Previous congressional sessions

Fiscal Cliff

Voted "Yes" Doyle voted for the fiscal cliff compromise bill, which made permanent most of the Bush tax cuts originally passed in 2001 and 2003 while also raising tax rates on the highest income levels. He was 1 of 172 Democrats that voted in favor of the bill. The bill was passed in the House by a 257 - 167 vote on January 1, 2013.[21]

Elections

2014

See also: Pennsylvania's 14th Congressional District elections, 2014

Doyle is running for re-election to the U.S. House in 2014. He is seeking the Democratic nomination in the primary election on May 20, 2014. The general election takes place November 4, 2014.

2012

See also: Pennsylvania's 14th Congressional District elections, 2012

Doyle ran in the 2012 election for the U.S. House to represent Pennsylvania's 14th District. He defeated Janis Brooks in the April 24, 2012, Democratic primary and faced Hans Lessmann (R) in the general election on November 6, 2012.[22]

The Washington Post listed the House of Representatives elections in Pennsylvania in 2012 as 1 of the 10 states that could determine whether Democrats would retake the House or Republicans would hold their majority in 2013.[23] Ohio tied with Pennsylvania for 9th on the list.[23] [24]

U.S. House, Pennsylvania District 14 General Election, 2012
Party Candidate Vote % Votes
     Democratic Green check mark transparent.pngMichael F. Doyle Incumbent 76.9% 251,932
     Republican Hans Lessmann 23.1% 75,702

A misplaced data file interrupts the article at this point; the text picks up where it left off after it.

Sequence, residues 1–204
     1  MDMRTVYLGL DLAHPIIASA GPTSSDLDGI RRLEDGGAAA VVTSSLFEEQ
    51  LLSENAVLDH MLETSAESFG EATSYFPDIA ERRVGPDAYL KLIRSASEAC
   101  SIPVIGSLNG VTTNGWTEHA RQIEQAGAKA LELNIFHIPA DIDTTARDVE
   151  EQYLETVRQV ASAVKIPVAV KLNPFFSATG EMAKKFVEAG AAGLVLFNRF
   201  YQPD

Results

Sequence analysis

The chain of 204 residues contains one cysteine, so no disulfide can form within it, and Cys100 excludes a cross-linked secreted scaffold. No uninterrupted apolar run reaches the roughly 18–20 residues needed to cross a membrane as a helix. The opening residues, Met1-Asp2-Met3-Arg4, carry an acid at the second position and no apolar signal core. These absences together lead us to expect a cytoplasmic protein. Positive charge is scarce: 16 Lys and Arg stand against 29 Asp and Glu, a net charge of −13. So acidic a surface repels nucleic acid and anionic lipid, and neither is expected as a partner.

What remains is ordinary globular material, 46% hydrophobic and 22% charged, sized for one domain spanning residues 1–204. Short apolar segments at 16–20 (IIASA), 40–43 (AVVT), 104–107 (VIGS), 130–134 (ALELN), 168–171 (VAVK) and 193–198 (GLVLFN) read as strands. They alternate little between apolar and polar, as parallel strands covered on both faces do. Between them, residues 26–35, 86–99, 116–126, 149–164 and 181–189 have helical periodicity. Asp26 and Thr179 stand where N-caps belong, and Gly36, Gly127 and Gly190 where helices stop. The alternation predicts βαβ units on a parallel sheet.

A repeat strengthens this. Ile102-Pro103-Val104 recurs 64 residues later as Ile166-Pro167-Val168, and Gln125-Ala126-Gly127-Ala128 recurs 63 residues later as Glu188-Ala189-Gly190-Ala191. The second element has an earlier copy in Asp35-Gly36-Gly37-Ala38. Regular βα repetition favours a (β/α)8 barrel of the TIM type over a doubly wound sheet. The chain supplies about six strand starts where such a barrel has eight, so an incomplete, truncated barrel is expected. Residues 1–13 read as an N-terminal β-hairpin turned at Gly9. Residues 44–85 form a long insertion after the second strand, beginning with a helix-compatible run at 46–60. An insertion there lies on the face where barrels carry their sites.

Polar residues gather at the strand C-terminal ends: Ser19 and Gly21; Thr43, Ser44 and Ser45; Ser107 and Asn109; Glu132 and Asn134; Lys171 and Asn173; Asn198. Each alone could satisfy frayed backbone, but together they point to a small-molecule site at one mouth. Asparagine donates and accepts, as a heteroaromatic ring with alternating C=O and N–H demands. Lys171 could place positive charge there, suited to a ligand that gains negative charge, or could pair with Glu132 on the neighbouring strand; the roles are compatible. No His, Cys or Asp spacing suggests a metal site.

Total Votes 327,634
Source: Pennsylvania Department of State "Official Election Results, 2012 General Election"
U.S. House, Pennsylvania District 14 Democratic Primary, 2012
Candidate Vote % Votes
Green check mark transparent.pngMichael F. Doyle Incumbent 80.1% 50,323
Janis Brooks 19.9% 12,484
Total Votes 62,807

Full history


Campaign donors

Comprehensive donor information for Doyle is available dating back to 2000. Based on available campaign finance records, Doyle raised a total of $5,259,092 during that time period. This information was last updated on April 18, 2013.[34]

Michael Doyle (Pennsylvania Congress)'s Campaign Contribution History
Year Office Result Contributions
2012 US House (Pennsylvania, District 14) Won $870,614
2010 US House (Pennsylvania, District 14) Won $726,537
2008 US House (Pennsylvania, District 14) Won $915,671
2006 US House (Pennsylvania, District 14) Won $923,775
2004 US House (Pennsylvania, District 14) Won $670,111
2002 US House (Pennsylvania, District 14) Won $674,812
2000 US House (Pennsylvania, District 18) Won $477,572
Grand Total Raised $5,259,092

2014

Candidates for Congress are required to file reports with the Federal Election Commission during the 2014 elections season. Below are Michael Doyle's reports.[35]

Candidates for Congress are required to file reports with the Federal Election Commission during the 2014 elections season. Below are Michael Doyle's reports.[36]

Michael Doyle (2014) Campaign Finance Reports
ReportDate FiledBeginning BalanceTotal Contributions
for Reporting Period
ExpendituresCash on Hand
April Quarterly[37]April 15, 2013$213,581.72$50,721.73$(49,686.49)$214,616.96